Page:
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My back patio is made from closely placed paver bricks. Weeds and moss grow up from between the cracks. I've pressure washed the whole area off, removed all of the moss, and pulled out all of the weeds.

Should I replace the original paver sand that was between the bricks or try to use polymeric sand? I'm worried that, with closely placed bricks, I won't be able to get the polymeric sand down into the cracks.

It rains a lot here, BTW.

Thanks!

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  • Honestly, from the photo that looks like a pretty well done paver job. – Matthew Aug 24 at 13:55
  • Thanks. Do you think I should do anything extra to stop moss & weeds from coming up from between them. I pressure washed them all out. I scooped up about 2 gallons of wet moss muck and weeds. I could sprinkle in some Moss-B-Gone, but I was worried about it's corrosive label. Round up or similar would work, but again, I was worried about tracking it around. – Daniel Woodward Aug 24 at 17:38
  • Do you know how old the patio is? And do you know how it was constructed? E.g. how many base layers, and of what type(s), were put down before the pavers were laid? – TylerH Aug 24 at 18:23
  • It is less than 8 years old and was done professionally. Unfortunately, I don't know what layers are underneath. It still looks good, though, and lets water drain effectively. The weeds and moss coming up made it look a little ugly and smell mossy. If you look closely, you can see how the bench has settled back a bit. This has pushed it's concrete slab base up a bit in front. The pavers on the left of the bench are pushed up as the slab rocks back. I'm not sure what can be done about this. It isn't that bad right now. – Daniel Woodward Aug 25 at 0:00
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I agree with Matthew; this looks like a pretty good paver job. Pressure washing probably did a good enough job, depending on how long it has gone from either being built or from the last time it was cleaned, til the next time it needs cleaning.

However, if you've got weeds coming up (the moss, by contrast, is probably growing downward from transplanted seeds rather than growing up from underneath the pavers), it could be that there wasn't a proper base layer or weed barrier put down. Or, this could just be an old patio; no weed barrier lasts forever,

I would recommend polymeric sand over normal leveling sand simply because polymeric sand is designed to go between the cracks of the pavers and then harden, which has two benefits:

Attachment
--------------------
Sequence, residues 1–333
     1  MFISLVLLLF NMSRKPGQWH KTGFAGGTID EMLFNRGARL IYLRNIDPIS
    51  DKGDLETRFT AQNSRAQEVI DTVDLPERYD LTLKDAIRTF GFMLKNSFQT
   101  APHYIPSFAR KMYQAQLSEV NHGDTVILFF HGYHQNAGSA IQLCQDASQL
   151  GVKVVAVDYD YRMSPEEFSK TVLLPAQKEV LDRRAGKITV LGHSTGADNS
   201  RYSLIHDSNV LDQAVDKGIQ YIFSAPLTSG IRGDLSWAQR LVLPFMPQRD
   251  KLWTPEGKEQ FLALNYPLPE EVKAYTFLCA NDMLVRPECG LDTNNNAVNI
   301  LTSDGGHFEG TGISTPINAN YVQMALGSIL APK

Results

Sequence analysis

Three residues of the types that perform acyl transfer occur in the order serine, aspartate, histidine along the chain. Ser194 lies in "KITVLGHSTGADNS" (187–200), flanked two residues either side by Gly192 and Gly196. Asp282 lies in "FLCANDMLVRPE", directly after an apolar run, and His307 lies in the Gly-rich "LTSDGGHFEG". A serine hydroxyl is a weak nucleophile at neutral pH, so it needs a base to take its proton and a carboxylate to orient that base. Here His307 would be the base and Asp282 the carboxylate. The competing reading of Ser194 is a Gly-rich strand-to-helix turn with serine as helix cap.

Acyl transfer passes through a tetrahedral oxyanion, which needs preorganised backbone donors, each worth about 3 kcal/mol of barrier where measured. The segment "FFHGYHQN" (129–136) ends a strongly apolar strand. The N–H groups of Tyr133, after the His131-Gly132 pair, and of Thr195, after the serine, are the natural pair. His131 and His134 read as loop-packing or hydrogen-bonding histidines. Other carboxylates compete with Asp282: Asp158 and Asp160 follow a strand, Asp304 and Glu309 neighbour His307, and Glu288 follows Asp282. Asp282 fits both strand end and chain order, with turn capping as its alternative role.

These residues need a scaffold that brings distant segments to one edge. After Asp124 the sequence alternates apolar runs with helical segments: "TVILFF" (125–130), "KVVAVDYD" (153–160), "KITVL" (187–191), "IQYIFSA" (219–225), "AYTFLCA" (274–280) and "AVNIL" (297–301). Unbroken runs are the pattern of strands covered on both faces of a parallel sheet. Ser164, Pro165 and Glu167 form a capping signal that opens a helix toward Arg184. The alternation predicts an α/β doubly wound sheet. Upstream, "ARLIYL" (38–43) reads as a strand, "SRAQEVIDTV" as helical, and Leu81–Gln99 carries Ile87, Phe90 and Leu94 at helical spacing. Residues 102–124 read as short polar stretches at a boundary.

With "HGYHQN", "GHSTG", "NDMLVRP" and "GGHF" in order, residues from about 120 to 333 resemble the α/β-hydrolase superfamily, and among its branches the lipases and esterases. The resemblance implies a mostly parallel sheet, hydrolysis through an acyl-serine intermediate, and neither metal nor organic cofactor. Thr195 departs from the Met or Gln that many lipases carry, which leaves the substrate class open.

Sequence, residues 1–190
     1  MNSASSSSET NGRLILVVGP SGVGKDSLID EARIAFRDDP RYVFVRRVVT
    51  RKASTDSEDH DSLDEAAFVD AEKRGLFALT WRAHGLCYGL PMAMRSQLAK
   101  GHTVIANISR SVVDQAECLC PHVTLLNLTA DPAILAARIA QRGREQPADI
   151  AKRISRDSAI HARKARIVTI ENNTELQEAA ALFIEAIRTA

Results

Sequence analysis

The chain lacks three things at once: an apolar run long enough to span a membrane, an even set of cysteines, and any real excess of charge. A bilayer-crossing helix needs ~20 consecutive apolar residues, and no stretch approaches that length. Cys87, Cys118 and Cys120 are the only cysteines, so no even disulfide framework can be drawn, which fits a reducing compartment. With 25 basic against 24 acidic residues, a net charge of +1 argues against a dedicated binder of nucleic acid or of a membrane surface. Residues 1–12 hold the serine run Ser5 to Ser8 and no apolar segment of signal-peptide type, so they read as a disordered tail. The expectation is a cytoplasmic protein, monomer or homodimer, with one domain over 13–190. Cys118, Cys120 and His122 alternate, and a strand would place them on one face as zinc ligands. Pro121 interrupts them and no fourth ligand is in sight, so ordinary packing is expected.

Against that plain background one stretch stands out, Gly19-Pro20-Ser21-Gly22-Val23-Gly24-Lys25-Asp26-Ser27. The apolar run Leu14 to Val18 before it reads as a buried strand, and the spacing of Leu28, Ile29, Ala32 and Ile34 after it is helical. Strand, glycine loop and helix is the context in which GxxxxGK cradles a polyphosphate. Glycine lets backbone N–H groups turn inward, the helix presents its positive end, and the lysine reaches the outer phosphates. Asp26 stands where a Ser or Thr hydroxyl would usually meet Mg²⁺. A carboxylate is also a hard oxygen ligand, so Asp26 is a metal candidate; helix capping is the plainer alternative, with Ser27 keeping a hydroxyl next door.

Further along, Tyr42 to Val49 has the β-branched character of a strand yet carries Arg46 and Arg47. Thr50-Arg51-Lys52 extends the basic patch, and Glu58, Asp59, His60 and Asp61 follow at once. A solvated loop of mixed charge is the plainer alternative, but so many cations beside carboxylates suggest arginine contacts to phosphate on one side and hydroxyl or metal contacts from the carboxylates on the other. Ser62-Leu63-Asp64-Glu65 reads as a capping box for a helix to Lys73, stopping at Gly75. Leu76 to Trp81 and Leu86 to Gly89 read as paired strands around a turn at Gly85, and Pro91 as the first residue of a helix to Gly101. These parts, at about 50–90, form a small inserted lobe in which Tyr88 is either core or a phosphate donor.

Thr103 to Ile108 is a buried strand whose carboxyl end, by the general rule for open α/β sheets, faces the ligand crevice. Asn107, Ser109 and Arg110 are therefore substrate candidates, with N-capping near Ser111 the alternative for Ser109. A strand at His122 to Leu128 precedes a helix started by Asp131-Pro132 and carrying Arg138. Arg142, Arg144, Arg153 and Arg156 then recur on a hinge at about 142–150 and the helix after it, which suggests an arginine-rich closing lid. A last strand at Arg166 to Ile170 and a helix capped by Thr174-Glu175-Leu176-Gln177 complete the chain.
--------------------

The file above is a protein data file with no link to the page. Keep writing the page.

• makes the pavers move less under your feet

  • makes it more difficult for weeds to grow

When applying the polymeric sand, it is important to use a tamper or vibrating compactor so that the polymeric sand settles down fully into the cracks; you don't want air pockets in it when it is setting. After that, be sure to wet the sand per any provided instructions and let it set before walking around on it.

Also note that polymeric sand is recommended to be reapplied in a touch-up capacity every year or so.

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  • OK. So if I do put down polymeric sand, I'll have to rent a tamper. With the pavers so close together, I don't see how I can get it to settle down and be effective. The Sackrete PS I almost bought said that it was only for 1/4" and above. The grain wasn't fine enough, I'd guess. These pavers are basically adjacent to each other. – Daniel Woodward Aug 25 at 0:03
  • @DanielWoodward Yes, that's a valid point -- polymeric sand is usually for joints of a certain width. If they are adjacent to each other, e.g. not even 1/8" of space, then it's probably not worth putting polymeric sand down because the grain sizes will be so large that significant quantities won't be able to fill the gaps. For flush installs of pavers one usually wants to put down a couple inches of paver base (crushed gravel) and another inch of leveling sand before putting down the pavers to deal with weeds, since polymeric sand can't really fit in those joints. – TylerH Aug 25 at 0:52

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